While overwhelmingly passed by Congress in July, CAATSA was signed in August amid much protest from the president, who called it "seriously flawed." The sanctions tug-of-war between Congress and the administration has played out in the shadow of U.S. Special Counsel Robert Mueller's investigations over Russia's election interference and whether Trump's campaign team colluded with the Russian government.
Suspicion over Trump's ties to Moscow grew when the White House missed a pivotal CAATSA deadline in October to name Russian defense and intelligence entities slated for new sanctions, finally complying after three weeks.
Trump's administration has consistently denied any ties with Russia, insisting that it aims solely to pursue a warmer relationship with the longtime U.S. adversary.
"Russian-U.S. relations remain extremely tense and the failure to impose measures under CAATSA is unlikely to improve them," Maximilian Hess, senior political risk analyst at AKE Group, told CNBC on Tuesday. "However, it could prove an early part of a diplomatic push to seek a better relationship with the Kremlin, something Trump has long said he desires."
The State Department's claim that CAATSA is deterring Russian arms sales is already being questioned and may be "premature," Hess added, noting Saudi Arabia's recently announced purchase of Russia's S-400 air defense system and additional arms sales to Turkey.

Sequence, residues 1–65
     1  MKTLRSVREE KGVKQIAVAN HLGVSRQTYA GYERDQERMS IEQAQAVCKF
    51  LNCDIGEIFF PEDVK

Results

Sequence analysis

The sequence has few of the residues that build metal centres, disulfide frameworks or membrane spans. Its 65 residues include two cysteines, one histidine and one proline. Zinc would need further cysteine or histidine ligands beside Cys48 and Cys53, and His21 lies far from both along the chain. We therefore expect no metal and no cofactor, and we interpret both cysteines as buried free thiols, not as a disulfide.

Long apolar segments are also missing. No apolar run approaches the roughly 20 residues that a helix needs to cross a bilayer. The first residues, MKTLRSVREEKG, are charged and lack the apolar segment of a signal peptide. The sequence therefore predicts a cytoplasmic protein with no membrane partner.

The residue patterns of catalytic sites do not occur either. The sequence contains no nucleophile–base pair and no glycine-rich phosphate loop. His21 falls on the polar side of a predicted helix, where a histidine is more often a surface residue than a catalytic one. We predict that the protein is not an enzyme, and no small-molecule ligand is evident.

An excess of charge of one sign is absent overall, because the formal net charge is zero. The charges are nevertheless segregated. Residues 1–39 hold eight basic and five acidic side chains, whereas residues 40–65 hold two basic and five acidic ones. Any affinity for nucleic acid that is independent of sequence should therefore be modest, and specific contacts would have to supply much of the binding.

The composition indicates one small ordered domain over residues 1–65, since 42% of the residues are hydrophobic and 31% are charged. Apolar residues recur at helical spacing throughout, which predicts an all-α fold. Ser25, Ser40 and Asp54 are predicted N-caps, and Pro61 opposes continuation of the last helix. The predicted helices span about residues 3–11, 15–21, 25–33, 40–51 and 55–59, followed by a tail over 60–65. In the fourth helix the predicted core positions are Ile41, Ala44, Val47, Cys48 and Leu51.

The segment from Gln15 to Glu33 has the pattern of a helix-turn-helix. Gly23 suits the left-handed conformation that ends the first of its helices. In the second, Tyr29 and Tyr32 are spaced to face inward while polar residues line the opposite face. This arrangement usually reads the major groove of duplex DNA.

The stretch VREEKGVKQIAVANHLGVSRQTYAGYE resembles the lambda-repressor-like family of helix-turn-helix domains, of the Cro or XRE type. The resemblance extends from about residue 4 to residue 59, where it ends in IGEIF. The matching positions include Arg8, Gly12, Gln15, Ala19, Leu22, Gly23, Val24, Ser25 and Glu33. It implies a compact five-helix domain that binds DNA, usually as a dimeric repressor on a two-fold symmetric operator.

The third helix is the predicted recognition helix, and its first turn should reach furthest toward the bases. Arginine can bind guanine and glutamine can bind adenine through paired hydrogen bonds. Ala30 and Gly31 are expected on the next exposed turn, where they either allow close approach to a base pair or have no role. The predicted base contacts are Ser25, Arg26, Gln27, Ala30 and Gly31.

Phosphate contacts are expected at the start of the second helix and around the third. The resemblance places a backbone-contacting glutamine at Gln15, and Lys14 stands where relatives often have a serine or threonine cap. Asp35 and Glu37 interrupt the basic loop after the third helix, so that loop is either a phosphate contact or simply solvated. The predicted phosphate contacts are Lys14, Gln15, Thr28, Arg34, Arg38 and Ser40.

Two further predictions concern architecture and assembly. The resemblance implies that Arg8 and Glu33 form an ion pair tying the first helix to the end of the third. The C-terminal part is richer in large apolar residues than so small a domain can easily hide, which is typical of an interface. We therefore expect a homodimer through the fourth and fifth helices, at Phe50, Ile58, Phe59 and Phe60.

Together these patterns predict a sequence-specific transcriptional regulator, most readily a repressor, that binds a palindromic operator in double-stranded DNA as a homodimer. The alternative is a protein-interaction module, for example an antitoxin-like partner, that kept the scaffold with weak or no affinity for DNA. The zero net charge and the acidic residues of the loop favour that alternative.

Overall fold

Members of Congress are already expressing their dismay over the White House decision.
"The Trump administration had a decision to make, whether they would follow the law and crack down on those responsible for attacking American democracy in 2016," Rep. Eliot Engel, a member of the House Foreign Affairs Committee and a Democrat, said in a statement. "They chose instead to let Russia off the hook yet again."
Senator Claire McCaskill, a Democrat on the Armed Services Committee, called Trump's bypassing of Congressional legislation a "constitutional crisis."
Meanwhile, Senator Bob Corker, a Republican who helped design the sanctions law, said he was not concerned over Trump's decision. "This is when sanctions season begins, and so they'll be rolling them out," he told reporters, adding that the administration was taking this "very seriously."
Trump has sparked controversy with his proclivity for praising Putin, having called him a "strong leader" and defending his military involvement in Syria, among other things.
Despite Trump's apparent softness, the Kremlin has portrayed the Treasury list's publication Monday as a hostile act and described the countries' bilateral relations as in an "unprecedented situation."
"This indicates that despite the White House's reticence in imposing new sanctions, Moscow has given up on improving relations with Washington for the time being and will continue to stoke domestic anti-Western sentiment to prop up Putin's legitimacy," McDowell said.
CIA director Mike Pompeo, a Trump ally, recently warned that he expects Russia to attempt interference in the upcoming U.S. mid-term elections in November. Bluebay's Ash agrees.
"For Putin his Project Trump gig worked so well in the run-up to the 2016 elections, and while getting caught out he suffered no consequences," Ash said. "So he might well be minded to double up again."